Thursday, February 27, 2014

Too much in Common

by student blogger Stephanie

I'm from a relatively small town. Pretty much all of my classmates from high school stayed at colleges around my hometown and either went into fields of medicine or education. I decided, as a Sophomore in high school, that I not only would be following a different career path, but that I had to step out of my oh, so, comfortable zone I found myself living in. 

Point blank, all I knew at that time was that I loved food. Many a dinner party and making meals for my family on an average of three times a week out of pure enjoyment were tell tale extensions of that love. I knew that I needed to foster and follow that. Cooking is not only about taking care of others the best way you know how, but it is an outlet for your own peace of mind, and creativity.

And that is how I ended up at The Culinary Institute of America. It's the mecca. It is exactly the place you want to be if you are to the point of obsession about food in all aspects. In the time it takes me to walk to and from class, I can overhear conversations on the sidewalks, in the hallways, and over meals, about various ingredients, food service, and technique from all of the diverse programs and classes that are offered to us. I once, overheard a student talking as passionately as ever on the phone, sharing his plan to slow roast brisket for seven hours and he continued to go on about the marinade he would use - all in passing. And all the while I wondered who he could’ve been talking to. Information is everywhere.    

I can't remember the moment when I first saw a poster for the CIA’s campus newspaper La Papillote declaring that all interested writers reach out with a submission for the paper. But I do know that that same piece of paper hung on my desk for more than a month, and stared me in the face, until I finally got up the guts to send in my first piece. To my surprise, it was eagerly welcomed by former Editor-in-Chief, Giulianna Galiano - and the rest is history! I continued to write anything and everything that was of interest to me from that first article, through extern, and into my final semesters of my Associate degree when I, myself, took over the role of Editor.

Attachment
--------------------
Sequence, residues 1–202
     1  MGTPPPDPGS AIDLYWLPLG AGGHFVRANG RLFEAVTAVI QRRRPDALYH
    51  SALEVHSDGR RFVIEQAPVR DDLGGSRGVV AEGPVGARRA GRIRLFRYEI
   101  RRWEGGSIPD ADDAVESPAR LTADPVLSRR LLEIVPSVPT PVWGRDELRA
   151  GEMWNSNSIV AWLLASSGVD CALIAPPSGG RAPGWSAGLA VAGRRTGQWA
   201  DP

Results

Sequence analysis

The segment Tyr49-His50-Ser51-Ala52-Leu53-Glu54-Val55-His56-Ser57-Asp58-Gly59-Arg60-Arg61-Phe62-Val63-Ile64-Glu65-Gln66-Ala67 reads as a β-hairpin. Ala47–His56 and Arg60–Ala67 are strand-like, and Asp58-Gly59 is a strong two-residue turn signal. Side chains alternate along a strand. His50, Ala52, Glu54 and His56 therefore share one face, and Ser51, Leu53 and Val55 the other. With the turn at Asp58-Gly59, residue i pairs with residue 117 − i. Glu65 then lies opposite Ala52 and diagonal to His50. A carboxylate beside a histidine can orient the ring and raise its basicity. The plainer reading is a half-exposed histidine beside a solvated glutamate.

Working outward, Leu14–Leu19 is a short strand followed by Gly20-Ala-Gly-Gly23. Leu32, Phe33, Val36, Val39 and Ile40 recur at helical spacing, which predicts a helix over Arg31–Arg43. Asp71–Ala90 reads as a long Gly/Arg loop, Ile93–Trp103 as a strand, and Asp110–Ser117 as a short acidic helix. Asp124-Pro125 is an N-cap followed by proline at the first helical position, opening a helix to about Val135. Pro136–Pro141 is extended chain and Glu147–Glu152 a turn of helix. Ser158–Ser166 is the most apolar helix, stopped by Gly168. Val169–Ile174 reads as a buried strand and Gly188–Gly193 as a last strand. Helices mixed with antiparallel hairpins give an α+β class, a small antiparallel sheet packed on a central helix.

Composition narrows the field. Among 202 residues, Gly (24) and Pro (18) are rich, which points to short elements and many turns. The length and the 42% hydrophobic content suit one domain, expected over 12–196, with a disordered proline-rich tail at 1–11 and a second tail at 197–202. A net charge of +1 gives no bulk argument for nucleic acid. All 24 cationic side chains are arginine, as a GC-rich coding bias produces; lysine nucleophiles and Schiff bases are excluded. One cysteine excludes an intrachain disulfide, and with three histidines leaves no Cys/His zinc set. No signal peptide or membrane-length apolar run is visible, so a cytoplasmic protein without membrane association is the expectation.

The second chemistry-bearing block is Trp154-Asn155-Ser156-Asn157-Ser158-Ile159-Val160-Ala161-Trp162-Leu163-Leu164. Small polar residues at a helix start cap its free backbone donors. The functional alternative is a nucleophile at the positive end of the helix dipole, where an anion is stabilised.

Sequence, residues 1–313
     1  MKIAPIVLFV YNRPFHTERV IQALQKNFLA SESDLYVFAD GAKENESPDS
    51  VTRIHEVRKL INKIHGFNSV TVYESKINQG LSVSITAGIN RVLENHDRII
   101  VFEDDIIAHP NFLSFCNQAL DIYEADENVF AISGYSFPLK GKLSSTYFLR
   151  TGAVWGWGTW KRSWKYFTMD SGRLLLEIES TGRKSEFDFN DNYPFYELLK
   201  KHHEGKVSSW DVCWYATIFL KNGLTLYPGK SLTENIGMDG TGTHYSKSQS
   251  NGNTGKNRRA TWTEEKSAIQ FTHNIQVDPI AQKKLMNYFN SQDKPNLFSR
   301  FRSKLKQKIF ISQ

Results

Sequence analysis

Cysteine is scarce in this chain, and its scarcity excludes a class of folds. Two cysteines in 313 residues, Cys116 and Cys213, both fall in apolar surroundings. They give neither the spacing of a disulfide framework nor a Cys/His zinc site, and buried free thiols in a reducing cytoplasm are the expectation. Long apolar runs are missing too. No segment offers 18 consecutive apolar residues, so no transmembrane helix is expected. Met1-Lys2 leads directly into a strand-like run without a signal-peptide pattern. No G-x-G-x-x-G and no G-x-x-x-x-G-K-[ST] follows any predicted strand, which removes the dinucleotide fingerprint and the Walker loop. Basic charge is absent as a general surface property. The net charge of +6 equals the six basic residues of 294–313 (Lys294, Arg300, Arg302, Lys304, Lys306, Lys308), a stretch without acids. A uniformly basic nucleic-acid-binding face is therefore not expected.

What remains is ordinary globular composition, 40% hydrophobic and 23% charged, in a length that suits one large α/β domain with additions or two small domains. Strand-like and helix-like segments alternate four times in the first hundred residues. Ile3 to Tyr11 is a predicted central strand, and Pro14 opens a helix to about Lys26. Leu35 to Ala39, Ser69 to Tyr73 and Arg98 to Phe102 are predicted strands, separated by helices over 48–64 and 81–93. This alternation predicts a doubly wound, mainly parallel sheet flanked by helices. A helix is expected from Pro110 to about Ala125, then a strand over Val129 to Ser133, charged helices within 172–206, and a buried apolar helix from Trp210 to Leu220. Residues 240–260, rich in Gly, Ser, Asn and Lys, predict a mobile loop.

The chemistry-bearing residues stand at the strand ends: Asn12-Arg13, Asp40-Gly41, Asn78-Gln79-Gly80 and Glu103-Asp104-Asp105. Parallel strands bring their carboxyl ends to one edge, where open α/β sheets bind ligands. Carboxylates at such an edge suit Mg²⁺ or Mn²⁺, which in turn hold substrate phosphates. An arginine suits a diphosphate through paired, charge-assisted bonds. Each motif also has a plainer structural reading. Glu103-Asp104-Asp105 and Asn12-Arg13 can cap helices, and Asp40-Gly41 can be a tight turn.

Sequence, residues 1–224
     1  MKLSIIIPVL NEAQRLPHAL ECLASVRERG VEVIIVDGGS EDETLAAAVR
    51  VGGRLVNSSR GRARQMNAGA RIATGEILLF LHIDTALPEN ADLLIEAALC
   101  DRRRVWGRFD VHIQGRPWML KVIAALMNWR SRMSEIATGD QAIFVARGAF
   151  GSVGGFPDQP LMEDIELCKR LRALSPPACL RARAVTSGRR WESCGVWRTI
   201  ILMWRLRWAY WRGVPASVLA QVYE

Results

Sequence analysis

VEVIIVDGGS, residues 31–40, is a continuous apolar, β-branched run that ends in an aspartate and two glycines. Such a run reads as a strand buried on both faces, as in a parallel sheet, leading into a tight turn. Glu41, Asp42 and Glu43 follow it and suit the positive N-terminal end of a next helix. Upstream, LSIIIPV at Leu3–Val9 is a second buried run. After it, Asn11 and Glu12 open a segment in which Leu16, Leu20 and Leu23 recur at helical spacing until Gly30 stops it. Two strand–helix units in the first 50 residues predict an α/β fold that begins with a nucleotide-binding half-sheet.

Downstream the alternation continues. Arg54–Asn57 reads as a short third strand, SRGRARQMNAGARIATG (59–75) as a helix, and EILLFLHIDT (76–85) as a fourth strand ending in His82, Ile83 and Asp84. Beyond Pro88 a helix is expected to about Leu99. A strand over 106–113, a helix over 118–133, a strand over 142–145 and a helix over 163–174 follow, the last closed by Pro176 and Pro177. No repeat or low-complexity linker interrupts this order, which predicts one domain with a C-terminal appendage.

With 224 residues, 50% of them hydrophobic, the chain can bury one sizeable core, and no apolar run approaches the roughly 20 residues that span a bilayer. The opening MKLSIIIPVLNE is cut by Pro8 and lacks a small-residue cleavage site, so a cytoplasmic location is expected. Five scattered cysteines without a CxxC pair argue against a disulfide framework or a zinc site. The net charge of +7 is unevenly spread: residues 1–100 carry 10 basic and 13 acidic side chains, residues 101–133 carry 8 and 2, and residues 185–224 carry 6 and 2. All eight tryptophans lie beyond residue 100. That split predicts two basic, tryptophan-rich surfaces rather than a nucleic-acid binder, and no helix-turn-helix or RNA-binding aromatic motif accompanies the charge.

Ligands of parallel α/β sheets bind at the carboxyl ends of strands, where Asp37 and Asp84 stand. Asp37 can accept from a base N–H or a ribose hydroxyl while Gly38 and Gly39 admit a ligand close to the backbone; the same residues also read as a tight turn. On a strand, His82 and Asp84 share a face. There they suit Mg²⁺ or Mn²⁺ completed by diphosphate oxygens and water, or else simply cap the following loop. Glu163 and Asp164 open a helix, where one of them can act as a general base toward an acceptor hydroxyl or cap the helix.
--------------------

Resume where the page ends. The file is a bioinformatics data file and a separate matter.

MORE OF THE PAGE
When I think about the route I have been taking during my higher education within the CIA, my path and sense of direction in which I saw for myself has certainly differed even from my classmates that are as passionate and curious about food as I am. And I still find myself explaining my career goals and aspirations to a number of my culinary and baking and pastry counterparts just as I did in high school, but on another level. Others’ experience may or may not compare to mine, but we certainly have one thing in common.

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